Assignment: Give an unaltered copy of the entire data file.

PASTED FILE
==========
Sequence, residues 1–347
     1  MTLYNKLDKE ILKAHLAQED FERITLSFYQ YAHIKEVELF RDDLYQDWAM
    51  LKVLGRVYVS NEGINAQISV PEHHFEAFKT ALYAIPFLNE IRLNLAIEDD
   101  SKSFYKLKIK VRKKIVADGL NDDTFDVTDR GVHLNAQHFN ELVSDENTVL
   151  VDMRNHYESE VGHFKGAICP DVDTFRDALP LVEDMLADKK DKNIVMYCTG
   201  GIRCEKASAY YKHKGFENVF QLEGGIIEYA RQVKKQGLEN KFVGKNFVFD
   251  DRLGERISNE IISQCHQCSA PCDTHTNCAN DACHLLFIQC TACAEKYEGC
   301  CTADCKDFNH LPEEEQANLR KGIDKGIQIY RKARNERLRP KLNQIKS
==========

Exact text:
Sequence, residues 1–347
     1  MTLYNKLDKE ILKAHLAQED FERITLSFYQ YAHIKEVELF RDDLYQDWAM
    51  LKVLGRVYVS NEGINAQISV PEHHFEAFKT ALYAIPFLNE IRLNLAIEDD
   101  SKSFYKLKIK VRKKIVADGL NDDTFDVTDR GVHLNAQHFN ELVSDENTVL
   151  VDMRNHYESE VGHFKGAICP DVDTFRDALP LVEDMLADKK DKNIVMYCTG
   201  GIRCEKASAY YKHKGFENVF QLEGGIIEYA RQVKKQGLEN KFVGKNFVFD
   251  DRLGERISNE IISQCHQCSA PCDTHTNCAN DACHLLFIQC TACAEKYEGC
   301  CTADCKDFNH LPEEEQANLR KGIDKGIQIY RKARNERLRP KLNQIKS